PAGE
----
Last week (Tuesday, Nov. 22), Google Blogger suddenly made a change where on signon, Blogger takes the self-publisher to the detailed posting listing of only the most recent blog to which the publisher had already added a new post.
The dashboard, listing all blogs, doesn’t seem to have a savable URL (as in Chrome history), but the individual blog posting-lists do have their own. I found I could get to another blog by doing View, going to my Blogger Profile, then to the blog I want to update, then to Design, then to Posts. Then you can get the specific URL for your account and that other blog and save it for later reference in a Word dataset on your local hard-drive if you like. But it’s rather inconvenient.
It appears that this change was made mainly to help mobile bloggers (and as far as I know you can do only one blog on mobile). Blogger seems to allow one account to have 100 blogs (source ). I have 16 (the same number as since 2006).
But if someone has more than one, that blogger needs easy access to the master account dasbboard to be restored.
Many bloggers are asking why https is not enabled for custom domains. The reason seems to be that each custom domain would need its own SSL certificate, which is much more complicated to set up.
On BlueHost, I have four Wordpress domains, and one of these is allowed to have a security certificate. So all user processing (credit cards or paypal) or any sensitive material needs to be on that one blog. But there is a newer technique, where blogs become subdomains of one account, so that one SSL certificate can be applied to all of them. You need separate installs of Wordpress on each subdomain. I have not tried to do this yet, and I think it’s pretty recent. It may be complicated.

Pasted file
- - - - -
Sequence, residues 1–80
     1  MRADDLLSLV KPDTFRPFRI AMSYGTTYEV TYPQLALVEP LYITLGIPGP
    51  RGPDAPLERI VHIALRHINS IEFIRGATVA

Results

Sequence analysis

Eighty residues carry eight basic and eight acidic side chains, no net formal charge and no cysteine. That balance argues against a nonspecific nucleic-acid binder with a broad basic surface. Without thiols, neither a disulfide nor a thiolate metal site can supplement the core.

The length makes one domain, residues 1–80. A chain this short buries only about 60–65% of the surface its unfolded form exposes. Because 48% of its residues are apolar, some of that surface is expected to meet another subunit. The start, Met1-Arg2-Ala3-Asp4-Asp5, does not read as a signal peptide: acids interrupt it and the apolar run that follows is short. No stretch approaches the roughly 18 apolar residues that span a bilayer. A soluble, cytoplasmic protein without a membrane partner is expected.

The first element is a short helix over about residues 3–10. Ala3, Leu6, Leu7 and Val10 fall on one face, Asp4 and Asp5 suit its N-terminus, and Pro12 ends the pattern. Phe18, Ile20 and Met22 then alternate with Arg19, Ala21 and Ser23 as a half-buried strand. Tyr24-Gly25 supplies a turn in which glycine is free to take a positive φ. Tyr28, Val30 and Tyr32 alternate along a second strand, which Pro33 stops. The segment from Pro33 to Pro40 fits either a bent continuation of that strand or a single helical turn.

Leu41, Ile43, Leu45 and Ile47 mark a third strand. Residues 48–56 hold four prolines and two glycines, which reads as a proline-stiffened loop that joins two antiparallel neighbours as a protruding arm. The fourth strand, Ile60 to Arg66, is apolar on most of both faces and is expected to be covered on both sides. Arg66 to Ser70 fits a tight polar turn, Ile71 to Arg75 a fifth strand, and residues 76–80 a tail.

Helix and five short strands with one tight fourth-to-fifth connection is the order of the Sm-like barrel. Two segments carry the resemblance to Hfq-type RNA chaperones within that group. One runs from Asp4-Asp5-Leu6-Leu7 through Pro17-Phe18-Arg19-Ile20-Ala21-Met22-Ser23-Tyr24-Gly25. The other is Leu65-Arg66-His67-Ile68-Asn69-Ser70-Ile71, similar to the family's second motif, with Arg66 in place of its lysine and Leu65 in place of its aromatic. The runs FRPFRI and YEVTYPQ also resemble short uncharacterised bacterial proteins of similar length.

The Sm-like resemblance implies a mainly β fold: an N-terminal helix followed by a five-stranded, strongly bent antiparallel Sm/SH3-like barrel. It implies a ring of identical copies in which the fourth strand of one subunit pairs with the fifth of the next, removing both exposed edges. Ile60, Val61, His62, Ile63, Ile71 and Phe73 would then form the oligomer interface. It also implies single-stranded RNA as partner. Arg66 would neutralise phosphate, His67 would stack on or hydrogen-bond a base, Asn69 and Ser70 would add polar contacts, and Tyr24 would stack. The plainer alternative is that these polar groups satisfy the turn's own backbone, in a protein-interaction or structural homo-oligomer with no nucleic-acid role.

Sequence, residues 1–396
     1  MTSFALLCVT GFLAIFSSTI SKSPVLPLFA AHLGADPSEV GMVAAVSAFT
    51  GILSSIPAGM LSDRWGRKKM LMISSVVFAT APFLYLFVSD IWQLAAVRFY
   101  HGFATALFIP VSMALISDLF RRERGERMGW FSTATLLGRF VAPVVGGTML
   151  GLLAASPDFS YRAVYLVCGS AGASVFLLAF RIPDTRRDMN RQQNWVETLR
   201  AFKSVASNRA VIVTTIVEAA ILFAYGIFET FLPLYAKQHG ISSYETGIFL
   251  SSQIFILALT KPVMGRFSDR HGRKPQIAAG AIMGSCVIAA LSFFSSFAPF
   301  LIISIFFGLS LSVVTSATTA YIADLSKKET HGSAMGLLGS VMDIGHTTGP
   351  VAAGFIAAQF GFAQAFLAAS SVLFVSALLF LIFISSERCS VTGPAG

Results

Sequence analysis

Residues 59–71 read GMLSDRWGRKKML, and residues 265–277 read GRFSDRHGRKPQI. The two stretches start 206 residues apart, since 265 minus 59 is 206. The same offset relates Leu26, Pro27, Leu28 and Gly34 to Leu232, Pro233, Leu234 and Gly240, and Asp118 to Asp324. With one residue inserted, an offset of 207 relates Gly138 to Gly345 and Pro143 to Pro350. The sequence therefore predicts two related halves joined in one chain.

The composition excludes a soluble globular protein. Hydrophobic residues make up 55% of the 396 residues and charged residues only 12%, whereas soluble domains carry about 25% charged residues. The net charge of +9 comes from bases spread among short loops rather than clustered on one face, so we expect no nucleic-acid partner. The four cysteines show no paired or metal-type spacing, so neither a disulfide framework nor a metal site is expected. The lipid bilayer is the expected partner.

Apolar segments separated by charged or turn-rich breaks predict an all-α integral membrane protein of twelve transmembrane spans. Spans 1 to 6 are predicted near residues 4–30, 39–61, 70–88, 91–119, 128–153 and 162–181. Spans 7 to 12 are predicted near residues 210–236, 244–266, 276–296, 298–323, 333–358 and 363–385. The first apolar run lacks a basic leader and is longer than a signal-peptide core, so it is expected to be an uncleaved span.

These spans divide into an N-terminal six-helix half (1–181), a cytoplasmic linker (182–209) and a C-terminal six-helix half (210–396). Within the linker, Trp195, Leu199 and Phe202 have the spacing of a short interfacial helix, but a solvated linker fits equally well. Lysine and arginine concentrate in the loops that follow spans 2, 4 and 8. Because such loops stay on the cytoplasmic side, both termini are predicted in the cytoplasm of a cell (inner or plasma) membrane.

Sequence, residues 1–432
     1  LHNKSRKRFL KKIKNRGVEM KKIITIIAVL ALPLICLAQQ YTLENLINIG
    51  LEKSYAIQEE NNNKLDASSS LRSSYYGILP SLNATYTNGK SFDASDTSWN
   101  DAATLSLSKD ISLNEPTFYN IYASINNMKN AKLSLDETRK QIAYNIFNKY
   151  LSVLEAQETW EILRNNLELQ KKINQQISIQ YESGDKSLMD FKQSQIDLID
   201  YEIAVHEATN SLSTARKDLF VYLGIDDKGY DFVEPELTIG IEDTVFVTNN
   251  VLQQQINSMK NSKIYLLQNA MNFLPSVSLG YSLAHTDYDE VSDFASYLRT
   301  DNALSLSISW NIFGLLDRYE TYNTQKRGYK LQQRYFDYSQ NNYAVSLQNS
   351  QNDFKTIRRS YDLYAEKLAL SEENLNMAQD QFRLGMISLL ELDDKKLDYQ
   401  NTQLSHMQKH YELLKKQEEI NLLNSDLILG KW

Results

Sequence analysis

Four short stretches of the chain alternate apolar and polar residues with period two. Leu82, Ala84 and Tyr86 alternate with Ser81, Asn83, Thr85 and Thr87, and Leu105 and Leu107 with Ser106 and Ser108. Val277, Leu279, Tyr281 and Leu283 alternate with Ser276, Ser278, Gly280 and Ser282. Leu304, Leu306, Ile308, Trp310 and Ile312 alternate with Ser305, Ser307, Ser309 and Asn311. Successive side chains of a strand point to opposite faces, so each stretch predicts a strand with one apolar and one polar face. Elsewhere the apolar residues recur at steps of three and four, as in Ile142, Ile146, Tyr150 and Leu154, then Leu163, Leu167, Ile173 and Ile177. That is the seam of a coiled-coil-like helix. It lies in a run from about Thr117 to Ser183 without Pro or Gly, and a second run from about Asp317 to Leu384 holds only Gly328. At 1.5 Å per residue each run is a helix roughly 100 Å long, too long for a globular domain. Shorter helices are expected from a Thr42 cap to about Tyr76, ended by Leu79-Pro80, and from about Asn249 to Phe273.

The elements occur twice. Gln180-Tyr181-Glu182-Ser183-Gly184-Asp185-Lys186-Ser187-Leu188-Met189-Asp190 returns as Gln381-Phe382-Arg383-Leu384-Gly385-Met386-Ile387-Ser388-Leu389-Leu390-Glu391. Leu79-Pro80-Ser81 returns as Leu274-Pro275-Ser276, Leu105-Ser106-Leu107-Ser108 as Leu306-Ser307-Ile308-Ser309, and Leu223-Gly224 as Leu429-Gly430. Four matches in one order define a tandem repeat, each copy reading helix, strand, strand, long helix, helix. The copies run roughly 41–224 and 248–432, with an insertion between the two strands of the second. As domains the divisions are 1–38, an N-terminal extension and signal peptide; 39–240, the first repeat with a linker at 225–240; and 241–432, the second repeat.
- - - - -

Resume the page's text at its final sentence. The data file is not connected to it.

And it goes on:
Bloggers with heavy overseas readership in non-democratic countries (and this applies to me) really would benefit from making it easier to do https everywhere for all domain-connected blogs. But this will take more work on the past of Google, Wordpress, and hosting companies.
I’ve made similar concepts on the Blogger Help Forum today and also said so in th
e Blogger feedback button.
I still see a cultural trend away from the idea of separate multiple blogs for publishing purposes, to more integrated presence that includes more end-user social interaction with just one site (per publisher). What makes business sense to service provides like Blogger may well be changing, with or without Trump or network neutrality.
Update: Dec. 3
Another post on the Blogger forum gives a solution. Click on the blog name on the upper left corner (not highlighted, so not apparent), and your other blogs appear. That worked!
One other problem is that you can't easily see if you have outstanding unmonitored comments on any of your blogs.